George Stephanopoulos Apologizes on 'GMA' For Not Disclosing Clinton Foundation Donations
"I should have gone the extra mile to avoid even the appearance of a conflict," the ABC morning show's co-anchor said Friday. "I apologize to all of you for failing to do that."
George Stephanopoulos apologized to Good Morning America viewers Friday for failing to disclose donations he made to the Clinton Global Foundation during reports about the organization.
"Now I want to address some news you may have seen about me. Over the last several years, I've made substantial donations to dozens of charities including the Clinton Global Foundation. Those donations were a matter of public record but I should have made additional disclosures on air when we covered the foundation," he told viewers. "And I now believe directing personal donations to that foundation was a mistake, even though I made them strictly to support work done to stop the spread of AIDS, help children and protect the environment in poor countries. I should have gone the extra mile to avoid even the appearance of a conflict. I apologize to all of you for failing to do that."
Stephanopoulos remarks come nearly 24 hours after reports emerged that he had donated at least $50,000 to the Clinton Global Foundation but had failed to mention those donations during news reports about the foundation.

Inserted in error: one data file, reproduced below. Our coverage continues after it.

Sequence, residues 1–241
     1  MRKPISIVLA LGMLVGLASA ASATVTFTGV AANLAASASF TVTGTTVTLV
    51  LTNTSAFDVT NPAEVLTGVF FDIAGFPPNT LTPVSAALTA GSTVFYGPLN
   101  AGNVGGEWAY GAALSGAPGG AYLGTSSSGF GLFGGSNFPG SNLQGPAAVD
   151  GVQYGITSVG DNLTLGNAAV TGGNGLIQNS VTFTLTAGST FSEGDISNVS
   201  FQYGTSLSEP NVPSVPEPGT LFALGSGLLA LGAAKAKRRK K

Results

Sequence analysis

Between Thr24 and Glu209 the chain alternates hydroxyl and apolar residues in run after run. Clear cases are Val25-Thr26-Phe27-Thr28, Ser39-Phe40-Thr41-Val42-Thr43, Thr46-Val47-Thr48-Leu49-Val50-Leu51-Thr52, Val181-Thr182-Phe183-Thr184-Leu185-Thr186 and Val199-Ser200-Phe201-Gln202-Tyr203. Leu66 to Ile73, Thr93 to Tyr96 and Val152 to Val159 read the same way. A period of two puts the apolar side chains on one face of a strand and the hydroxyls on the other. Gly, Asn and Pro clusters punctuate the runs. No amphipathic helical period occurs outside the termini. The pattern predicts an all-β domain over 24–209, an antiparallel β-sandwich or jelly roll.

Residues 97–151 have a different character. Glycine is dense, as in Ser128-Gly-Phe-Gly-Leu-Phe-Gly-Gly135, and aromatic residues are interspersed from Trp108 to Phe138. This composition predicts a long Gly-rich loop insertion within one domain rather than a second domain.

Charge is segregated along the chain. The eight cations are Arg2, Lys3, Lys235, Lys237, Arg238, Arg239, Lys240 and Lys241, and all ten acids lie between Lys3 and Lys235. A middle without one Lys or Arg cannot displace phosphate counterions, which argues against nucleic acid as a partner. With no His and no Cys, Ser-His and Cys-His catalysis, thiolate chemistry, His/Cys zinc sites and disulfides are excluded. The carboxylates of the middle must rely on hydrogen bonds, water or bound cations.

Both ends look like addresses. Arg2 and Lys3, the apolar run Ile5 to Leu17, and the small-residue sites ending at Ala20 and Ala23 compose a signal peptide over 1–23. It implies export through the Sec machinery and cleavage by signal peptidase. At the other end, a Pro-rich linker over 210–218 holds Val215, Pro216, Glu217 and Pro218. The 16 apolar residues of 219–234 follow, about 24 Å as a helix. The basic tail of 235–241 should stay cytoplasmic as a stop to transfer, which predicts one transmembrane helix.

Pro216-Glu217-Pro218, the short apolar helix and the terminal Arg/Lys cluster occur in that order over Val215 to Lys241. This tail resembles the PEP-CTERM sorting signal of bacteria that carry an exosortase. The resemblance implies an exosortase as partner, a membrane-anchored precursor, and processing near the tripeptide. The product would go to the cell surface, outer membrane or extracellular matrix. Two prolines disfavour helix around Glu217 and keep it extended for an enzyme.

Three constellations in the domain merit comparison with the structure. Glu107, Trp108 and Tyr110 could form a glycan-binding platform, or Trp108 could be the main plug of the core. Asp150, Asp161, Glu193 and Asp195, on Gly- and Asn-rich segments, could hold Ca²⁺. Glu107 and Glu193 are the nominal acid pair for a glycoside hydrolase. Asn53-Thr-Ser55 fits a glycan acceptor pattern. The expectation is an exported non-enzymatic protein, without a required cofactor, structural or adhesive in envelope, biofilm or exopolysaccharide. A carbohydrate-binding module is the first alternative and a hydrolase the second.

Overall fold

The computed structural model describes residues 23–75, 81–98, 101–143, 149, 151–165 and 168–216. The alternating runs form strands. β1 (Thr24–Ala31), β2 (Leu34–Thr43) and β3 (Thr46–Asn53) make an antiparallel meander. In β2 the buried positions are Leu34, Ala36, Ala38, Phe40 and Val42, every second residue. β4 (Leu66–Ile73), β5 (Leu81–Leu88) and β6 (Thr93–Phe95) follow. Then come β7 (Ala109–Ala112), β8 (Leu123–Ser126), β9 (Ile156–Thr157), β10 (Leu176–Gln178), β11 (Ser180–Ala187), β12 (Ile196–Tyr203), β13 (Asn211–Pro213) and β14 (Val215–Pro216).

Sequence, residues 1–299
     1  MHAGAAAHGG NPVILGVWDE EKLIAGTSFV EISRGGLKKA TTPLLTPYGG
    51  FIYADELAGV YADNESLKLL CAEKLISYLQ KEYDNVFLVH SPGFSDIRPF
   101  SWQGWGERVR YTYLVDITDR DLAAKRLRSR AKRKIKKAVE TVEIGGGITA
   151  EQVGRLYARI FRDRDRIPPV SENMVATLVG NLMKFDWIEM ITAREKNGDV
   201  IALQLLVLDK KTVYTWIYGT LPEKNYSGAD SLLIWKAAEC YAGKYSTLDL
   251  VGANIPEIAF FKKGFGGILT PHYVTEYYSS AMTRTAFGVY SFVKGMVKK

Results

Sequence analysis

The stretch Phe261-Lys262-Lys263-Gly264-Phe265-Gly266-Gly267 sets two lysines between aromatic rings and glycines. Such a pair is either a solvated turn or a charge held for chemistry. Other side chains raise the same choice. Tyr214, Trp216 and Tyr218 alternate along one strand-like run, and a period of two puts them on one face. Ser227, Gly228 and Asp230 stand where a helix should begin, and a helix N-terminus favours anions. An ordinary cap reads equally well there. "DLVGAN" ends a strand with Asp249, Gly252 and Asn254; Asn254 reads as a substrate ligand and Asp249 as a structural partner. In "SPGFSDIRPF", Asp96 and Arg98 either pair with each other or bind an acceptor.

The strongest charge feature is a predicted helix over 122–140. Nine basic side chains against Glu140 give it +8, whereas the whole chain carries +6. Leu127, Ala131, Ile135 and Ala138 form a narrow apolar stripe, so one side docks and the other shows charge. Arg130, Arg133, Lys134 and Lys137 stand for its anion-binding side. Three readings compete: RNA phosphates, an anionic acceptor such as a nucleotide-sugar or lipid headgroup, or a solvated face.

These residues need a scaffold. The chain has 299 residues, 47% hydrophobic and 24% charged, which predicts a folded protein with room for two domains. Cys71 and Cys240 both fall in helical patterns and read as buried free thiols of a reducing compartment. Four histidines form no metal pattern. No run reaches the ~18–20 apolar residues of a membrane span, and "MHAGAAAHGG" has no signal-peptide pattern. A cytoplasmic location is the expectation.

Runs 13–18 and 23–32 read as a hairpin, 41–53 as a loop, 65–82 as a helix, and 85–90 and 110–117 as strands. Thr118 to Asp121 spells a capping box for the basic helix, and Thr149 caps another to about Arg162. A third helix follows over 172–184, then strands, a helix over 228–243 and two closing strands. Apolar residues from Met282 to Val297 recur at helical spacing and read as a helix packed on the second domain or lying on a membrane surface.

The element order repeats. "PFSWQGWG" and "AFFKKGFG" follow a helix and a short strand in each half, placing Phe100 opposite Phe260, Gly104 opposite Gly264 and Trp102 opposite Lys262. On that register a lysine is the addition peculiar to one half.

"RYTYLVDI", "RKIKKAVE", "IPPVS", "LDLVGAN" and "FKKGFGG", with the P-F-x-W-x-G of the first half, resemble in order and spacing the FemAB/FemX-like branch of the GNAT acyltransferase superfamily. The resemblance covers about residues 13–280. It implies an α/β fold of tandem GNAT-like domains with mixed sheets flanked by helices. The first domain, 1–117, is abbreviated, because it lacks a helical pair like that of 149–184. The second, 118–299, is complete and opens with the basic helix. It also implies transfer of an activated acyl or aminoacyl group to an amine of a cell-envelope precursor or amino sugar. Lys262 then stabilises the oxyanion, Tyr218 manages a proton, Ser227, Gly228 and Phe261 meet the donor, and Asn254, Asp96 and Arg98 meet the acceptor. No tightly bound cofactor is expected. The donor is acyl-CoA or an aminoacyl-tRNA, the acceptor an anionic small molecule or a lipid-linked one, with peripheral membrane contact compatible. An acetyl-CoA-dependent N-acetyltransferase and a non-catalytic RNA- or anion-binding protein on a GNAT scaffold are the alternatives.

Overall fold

His on-air comments repeated much of what he said Thursday in an interview with Politico and in a statement that he released about the incident. Stephanopoulos, who serves as ABC News' chief anchor and hosts both GMA and the Sunday news show This Week, had previously told Politico he would address the scandal on This Week.
The scandal comes after Stephanopoulos last month interviewed Peter Schweizer, whose book Clinton Cash: The Untold Story of How and Why Foreign Governments and Businesses Helped Make Bill and Hillary Rich investigates donations made to the Clinton Foundation by foreign groups.
Although ABC News released a statement supporting Stephanopoulos, the scandal was enough to get him to step down from plans to moderate an ABC News-sponsored Republican primary debate in February, with GOP presidential candidate Sen. Rand Paul saying Stephanopoulos shouldn't moderate any of the 2016 presidential debates.
Stephanopoulos said, though, that he wouldn't recuse himself from all 2016 campaign coverage, something Republican Sen. Mike Lee of Utah urged the former Clinton staffer to do.
Before joining ABC News, Stephanopoulos worked as President Clinton's communications director and then senior adviser for policy and strategy.
Prior to that, he served as Clinton's communications director on his 1992 campaign.
Watch his GMA apology below.